At home, his family struck you as the type who'd readily open their doors with smiles to everyone, looking forward to chatting over tea. And, remarkably, the stardom achieved by the youngest of the Tendulkars has done little to change the family's attitudes when it comes to hospitality. Yet, very soon, one would imagine, there will come a time when they'd need security staff to keep prying strangers off their doors.

The first thing you note in the drawing room, upon first arriving, is that the receiver is off the hook. It remained that way for well over two hours as Tendulkar spoke to The Sportstar. As we were leaving, the teenager put it back on and within a fraction of a second, it was ringing.

"You know how it is in reservations," says older brother Ajit, a reservations assistant with Air India. "When I come back home, it is reservations time again. It never stops ringing." When he spoke to The Sportstar, the teen phenom's 19th birthday (April 24) was still a few days away. But for someone so young, his clarity of thought was at once striking.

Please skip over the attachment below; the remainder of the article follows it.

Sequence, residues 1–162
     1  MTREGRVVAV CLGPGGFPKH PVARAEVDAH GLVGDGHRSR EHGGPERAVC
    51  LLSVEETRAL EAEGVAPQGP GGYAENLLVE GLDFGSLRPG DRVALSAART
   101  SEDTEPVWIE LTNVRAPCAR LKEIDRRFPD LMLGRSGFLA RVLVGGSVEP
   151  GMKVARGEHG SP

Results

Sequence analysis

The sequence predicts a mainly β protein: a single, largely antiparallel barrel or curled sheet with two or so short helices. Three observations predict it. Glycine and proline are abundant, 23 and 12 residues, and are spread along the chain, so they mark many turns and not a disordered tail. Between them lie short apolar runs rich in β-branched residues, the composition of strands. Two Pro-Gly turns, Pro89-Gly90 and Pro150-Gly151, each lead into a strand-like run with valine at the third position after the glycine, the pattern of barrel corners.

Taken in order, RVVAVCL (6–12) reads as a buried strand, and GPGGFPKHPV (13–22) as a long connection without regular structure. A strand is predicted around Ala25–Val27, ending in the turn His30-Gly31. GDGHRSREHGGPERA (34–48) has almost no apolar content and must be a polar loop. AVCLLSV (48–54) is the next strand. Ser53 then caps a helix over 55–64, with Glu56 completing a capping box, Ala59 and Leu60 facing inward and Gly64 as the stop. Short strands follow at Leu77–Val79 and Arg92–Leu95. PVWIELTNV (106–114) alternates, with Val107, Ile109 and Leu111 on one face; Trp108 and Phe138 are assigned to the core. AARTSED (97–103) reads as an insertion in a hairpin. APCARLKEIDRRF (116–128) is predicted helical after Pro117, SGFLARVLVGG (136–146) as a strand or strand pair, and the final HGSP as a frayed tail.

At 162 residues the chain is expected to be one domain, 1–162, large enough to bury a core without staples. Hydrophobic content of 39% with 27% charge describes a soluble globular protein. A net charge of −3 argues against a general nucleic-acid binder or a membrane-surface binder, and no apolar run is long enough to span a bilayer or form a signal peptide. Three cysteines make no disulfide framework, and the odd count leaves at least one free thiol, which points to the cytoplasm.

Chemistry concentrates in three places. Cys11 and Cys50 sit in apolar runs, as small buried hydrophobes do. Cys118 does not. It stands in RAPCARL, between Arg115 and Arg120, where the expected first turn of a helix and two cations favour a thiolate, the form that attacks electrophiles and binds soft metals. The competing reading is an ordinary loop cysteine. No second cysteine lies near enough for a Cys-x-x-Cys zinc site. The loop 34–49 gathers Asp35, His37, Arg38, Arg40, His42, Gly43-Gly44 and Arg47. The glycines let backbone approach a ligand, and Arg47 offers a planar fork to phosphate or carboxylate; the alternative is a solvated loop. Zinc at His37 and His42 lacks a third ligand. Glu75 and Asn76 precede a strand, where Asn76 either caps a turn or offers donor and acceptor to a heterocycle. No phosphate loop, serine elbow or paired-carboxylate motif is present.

He is obviously not a loquacious person but he expresses his views clearly, succinctly.

His respect for people, his family elders, his coach and especially the ubiquitous Mr. Gavaskar, is as genuine as it is extraordinary. And, by nature, he strikes you as one who'd always be willing to oblige his friends, wellwishers and the professionals he is constantly associated with.

For The Sportstar photographer V. V. Krishnan. who flew in from New Delhi to shoot this week's cover picture as well as the ones that are part of this feature, Tendulkar posed readily.

Question: So much has been said about you being the first "outsider" to sign for Yorkshire in the English county championship. How do you feel about it? Is it one of the highlights of your career so far?